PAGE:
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Network science

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Network science is a new and emerging scientific discipline that examines the interconnections among diverse physical or engineered networks, information networks, biological networks, cognitive and semantic networks, and social networks. This field of science seeks to discover common principles, algorithms and tools that govern network behavior. The National Research Council defines Network Science as "the study of network representations of physical, biological, and social phenomena leading to predictive models of these phenomena."

Background and history Edit

The study of networks has emerged in diverse disciplines as a means of analyzing complex relational data. The earliest known paper in this field is the famous Seven Bridges of Königsberg written by Leonhard Euler in 1736. Euler's mathematical description of vertices and edges was the foundation of graph theory, a branch of mathematics that studies the properties of pairwise relations in a network structure. The field of graph theory continued to develop and found applications in chemistry (Sylvester, 1878).

In the 1930s Jacob Moreno, a psychologist in the Gestalt tradition, arrived in the United States. He developed the sociogram and presented it to the public in April 1933 at a convention of medical scholars. Moreno claimed that "before the advent of sociometry no one knew what the interpersonal structure of a group 'precisely' looked like (Moreno, 1953). The sociogram was a representation of the social structure of a group of elementary school students. The boys were friends of boys and the girls were friends of girls with the exception of one boy who said he liked a single girl. The feeling was not reciprocated. This network representation of social structure was found so intriguing that it was printed in The New York Times (April 3, 1933, page 17). The sociogram has found many applications and has grown into the field of social network analysis.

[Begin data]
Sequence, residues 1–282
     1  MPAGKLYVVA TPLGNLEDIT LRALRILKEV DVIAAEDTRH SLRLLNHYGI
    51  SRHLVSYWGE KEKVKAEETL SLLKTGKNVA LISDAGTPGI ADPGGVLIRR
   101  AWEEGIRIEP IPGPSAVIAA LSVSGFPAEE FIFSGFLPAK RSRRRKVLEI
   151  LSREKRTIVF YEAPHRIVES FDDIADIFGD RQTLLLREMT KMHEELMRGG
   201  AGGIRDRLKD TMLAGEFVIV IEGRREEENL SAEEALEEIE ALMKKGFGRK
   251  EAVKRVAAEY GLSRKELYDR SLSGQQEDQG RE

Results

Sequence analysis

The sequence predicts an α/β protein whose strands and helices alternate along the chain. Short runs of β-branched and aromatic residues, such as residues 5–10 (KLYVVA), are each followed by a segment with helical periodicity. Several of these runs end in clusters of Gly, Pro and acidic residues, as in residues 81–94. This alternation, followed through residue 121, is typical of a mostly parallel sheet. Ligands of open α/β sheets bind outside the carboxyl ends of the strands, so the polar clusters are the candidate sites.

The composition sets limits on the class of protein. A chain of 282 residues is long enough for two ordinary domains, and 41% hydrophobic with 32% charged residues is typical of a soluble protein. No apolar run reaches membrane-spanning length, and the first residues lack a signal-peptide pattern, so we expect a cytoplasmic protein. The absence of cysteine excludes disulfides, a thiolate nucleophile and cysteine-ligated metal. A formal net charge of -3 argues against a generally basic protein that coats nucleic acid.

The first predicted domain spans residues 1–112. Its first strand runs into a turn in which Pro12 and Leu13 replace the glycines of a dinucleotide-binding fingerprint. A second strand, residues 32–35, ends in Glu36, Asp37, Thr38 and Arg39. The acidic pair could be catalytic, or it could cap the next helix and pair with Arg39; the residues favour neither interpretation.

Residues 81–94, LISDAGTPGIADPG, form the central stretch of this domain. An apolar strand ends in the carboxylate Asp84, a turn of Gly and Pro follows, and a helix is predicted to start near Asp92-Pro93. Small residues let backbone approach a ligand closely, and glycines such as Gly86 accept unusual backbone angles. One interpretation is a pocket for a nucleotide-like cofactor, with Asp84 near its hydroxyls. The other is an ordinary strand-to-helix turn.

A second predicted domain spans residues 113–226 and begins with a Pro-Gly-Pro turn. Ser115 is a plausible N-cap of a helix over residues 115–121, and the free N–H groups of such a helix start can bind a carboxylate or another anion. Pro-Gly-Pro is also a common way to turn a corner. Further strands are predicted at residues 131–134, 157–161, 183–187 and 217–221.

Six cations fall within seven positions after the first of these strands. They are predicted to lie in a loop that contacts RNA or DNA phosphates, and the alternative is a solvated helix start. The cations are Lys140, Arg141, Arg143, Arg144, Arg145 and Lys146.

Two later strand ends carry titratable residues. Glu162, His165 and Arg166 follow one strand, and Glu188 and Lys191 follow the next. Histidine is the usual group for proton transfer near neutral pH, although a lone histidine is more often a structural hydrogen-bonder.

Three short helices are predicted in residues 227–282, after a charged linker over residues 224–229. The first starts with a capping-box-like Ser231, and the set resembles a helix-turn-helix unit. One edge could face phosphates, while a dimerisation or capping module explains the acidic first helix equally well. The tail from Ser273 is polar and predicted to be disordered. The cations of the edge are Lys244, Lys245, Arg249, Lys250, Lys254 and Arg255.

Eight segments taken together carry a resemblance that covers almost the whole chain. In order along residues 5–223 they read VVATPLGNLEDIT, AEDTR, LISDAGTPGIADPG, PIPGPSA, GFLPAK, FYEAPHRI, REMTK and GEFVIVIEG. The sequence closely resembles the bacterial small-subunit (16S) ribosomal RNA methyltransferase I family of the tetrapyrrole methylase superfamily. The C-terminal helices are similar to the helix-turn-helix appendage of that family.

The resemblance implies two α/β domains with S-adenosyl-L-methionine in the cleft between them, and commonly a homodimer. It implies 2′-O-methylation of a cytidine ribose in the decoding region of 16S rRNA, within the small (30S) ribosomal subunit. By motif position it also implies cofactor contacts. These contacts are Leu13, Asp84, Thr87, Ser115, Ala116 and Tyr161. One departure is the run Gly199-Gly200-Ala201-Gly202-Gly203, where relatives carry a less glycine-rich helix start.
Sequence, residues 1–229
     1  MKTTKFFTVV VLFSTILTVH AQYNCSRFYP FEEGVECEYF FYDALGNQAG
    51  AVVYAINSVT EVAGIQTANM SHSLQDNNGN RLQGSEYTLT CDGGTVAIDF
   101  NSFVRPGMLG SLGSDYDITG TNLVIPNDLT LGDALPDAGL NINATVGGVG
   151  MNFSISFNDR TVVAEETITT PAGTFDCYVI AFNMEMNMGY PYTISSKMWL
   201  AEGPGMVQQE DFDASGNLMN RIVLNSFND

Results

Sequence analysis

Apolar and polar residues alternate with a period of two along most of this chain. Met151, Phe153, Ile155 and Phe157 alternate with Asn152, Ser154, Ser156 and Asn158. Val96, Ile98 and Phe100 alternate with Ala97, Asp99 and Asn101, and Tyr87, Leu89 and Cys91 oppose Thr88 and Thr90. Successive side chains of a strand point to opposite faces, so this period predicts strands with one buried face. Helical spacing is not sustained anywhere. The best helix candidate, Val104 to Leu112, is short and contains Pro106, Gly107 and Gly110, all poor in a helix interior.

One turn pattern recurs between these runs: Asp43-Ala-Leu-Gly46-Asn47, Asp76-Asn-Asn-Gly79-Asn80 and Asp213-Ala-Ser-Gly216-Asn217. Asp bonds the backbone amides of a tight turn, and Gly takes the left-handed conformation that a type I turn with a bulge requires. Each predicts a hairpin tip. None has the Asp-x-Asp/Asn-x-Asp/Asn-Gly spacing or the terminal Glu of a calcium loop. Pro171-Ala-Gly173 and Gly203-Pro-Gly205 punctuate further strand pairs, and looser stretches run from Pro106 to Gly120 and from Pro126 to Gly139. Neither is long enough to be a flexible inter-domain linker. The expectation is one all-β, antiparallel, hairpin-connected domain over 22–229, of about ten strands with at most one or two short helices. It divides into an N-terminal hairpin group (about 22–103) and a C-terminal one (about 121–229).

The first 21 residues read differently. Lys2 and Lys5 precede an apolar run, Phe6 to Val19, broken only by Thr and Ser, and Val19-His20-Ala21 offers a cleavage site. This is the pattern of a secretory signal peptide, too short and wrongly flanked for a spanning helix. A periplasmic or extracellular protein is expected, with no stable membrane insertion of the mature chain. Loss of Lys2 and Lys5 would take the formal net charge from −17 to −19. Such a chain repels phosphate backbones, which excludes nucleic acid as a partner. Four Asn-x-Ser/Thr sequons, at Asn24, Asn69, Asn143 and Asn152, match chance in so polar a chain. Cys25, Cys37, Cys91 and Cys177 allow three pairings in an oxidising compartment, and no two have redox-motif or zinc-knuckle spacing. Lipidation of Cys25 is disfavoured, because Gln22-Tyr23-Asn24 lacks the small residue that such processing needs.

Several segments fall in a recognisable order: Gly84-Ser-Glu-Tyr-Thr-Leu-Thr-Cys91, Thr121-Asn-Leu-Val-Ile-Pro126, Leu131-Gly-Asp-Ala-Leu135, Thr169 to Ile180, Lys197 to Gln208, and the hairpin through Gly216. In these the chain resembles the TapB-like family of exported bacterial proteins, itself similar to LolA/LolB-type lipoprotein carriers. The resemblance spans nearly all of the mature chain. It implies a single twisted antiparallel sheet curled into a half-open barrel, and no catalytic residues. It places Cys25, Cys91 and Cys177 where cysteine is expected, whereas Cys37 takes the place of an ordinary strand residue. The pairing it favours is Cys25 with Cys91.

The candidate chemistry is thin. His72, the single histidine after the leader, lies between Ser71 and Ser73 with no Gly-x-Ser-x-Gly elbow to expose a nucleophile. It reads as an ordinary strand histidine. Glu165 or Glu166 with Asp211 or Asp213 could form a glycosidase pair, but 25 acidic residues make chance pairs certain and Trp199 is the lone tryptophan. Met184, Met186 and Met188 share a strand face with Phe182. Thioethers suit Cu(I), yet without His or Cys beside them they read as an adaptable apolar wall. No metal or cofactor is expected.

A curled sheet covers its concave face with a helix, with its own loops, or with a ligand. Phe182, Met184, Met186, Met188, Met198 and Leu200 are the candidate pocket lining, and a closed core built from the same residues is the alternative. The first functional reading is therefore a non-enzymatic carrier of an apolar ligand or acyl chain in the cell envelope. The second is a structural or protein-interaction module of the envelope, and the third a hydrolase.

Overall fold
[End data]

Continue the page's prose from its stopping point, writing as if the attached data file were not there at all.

Probabilistic theory in network science developed as an off-shoot of graph theory with Paul Erdős and Alfréd Rényi's eight famous papers on random graphs. For social networks the exponential random graph model or p* graph is a notational framework used to represent the probability space of a tie occurring in a social network. An alternate approach to network probability structures is the network probability matrix, which models the probability of edges occurring in a network, based on the historic presence or absence of the edge in a sample of networks.